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Heavy equipment loads sand into a dump truck to be carried to a classification plant

How Does A Sand Classifier Work?

  |   Aggregate, BIVITEC®, Ortner   |   No comment

Sand is an important construction aggregate used in the production of concrete mixes. However, before it can be used for concrete and cement production, sand must meet specific grain size and cleanliness requirements. As concrete mix specifications change, so too must the aggregate used in its production. Globally, the trend has been a push towards a cleaner sand product – one with fewer contaminants. 

With tighter demands on sand for concrete production, equipment used for screening the sand must become more efficient. Continue reading to learn more about sand classifier equipment, how they work, and AEI’s sand washing and classification solutions

What Does Classifying Sand Mean?

Ensuring a clean product involves “washing” of aggregate. Many types of aggregate are washed before use in production, including coarse materials like gravel. Classifying sand is different from washing, but can nonetheless be part of the washing process.

Sand classifying is the process of sorting grains of mixed sizes to remove the unwanted grains – typically those which are either too large or small for inclusion in the final product. 

What Is A Sand Classifier? 

Sand classifying equipment comes in multiple configurations, but two of the most common are classifying tanks and screw washers. These machines provide a way to remove excess water and contaminants or undesirable grain sizes from river sand or manufactured sand feeds. We’ll briefly explain how both work below. 

Sand Classifying Tanks

Classifying tanks are commonly used to process sand and coarse materials to meet construction grade requirements. Tanks have a number of uses, including removing excess water from aggregate and classifying sand through the removal of specified mesh sizes.

Using a tank, sand is classified based on the settling rates of specific grain sizes. As material is fed into the classifying tank, coarser, larger grains will sink to the bottom, or settle, first. Then, finer grains settle in subsequently lower mesh sizes down the length of the tank.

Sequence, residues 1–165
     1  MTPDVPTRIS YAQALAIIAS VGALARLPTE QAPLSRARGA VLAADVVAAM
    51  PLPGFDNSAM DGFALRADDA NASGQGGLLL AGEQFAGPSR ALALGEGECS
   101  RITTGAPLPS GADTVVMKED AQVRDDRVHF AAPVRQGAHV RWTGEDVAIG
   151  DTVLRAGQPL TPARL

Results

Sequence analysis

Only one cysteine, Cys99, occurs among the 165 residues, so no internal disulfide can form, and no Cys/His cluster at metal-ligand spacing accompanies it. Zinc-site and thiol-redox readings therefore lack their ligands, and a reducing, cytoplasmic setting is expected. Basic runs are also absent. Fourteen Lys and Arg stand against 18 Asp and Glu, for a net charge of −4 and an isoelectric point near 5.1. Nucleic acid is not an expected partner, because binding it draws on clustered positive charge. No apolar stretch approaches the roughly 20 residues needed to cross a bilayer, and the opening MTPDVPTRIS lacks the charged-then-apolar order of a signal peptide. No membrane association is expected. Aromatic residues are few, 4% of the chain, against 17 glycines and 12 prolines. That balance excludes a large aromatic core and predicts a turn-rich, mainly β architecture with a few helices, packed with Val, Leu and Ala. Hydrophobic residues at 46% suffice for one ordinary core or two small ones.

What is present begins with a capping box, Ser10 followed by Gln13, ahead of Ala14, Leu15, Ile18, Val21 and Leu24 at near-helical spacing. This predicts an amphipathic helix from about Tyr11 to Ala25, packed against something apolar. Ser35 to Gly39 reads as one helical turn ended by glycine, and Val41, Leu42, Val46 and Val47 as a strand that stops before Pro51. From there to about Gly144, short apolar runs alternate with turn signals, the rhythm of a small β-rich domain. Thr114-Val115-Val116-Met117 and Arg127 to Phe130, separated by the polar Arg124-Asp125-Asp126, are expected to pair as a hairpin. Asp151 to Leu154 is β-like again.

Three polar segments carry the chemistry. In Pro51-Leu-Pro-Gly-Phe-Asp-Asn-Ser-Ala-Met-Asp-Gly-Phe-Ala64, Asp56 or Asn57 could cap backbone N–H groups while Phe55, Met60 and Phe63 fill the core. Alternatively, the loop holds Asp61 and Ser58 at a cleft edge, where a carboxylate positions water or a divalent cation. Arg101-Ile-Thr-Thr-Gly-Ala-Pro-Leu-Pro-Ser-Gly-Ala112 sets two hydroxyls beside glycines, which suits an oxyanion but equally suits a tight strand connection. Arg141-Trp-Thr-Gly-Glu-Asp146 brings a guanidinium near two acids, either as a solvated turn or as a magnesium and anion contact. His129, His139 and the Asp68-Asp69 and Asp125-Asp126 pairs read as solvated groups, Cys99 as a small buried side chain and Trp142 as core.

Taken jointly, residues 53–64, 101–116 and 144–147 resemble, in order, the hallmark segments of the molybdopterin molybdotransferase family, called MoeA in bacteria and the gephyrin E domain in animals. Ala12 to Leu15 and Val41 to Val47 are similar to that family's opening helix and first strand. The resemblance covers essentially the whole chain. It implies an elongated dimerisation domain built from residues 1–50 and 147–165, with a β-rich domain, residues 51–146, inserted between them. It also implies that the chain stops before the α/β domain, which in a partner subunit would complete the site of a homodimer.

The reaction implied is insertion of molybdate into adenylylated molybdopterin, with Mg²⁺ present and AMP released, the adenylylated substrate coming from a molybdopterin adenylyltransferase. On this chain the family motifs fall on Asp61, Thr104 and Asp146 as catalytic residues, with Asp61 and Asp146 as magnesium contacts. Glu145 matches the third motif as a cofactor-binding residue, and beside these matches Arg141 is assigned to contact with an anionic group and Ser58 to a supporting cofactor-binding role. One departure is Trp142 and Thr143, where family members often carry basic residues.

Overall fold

During the settling process, the classifying tank is supplied with a constant flow feed of water which keeps it overflowing. The water that flows over the edge of the tank helps to remove any materials that shouldn’t be in the final product. 

Fine Material Screw Washers

Fine material screw washers are another commonly used equipment for washing and classifying sand in a single machine. They work using a similar principle to classifying tanks. 

In fine material screw washers, material enters through a feed box. Heavier grains sink to the bottom of the box, while finer materials float to the surface and over the top. Larger sand grains collect in the bottom of the trough and are lifted up the inclined plane to be discharged by the spiral shaft.

During this process, the screw device works to continuously stir the sand, this both helps to remove unwanted materials and separate grains. Different machine configurations are available, including single or twin screws, to achieve required grain size specifications. 

AEI’s Sand Classifying Solutions

Both classifying tanks and screw washers have their limitations in sizing sand. Tanks require large amounts of water and power consumption. In sand washers with submerged parts, the equipment requires frequent maintenance. Meanwhile, many fine material screw washers have a large footprint and their own share of wear and maintenance issues.

In response, AEI offers a revolutionary machine for classifying and washing sand: The Ortner®.

The Ortner® is designed to dewater and remove fines, classify, and rinse sand and other fine materials. Its unique design eliminates excess water usage, uses little power, requires minimal maintenance, and produces a very low moisture product. Contact us for an Ortner® quote.

Alternatively, AEI’s BIVITEC screen can be used to classify manufactured sand, particularly when water is unavailable and washing is infeasible. View all of AEI’s screening solutions to find the right equipment for your operation.

AUTHOR - David Stairs

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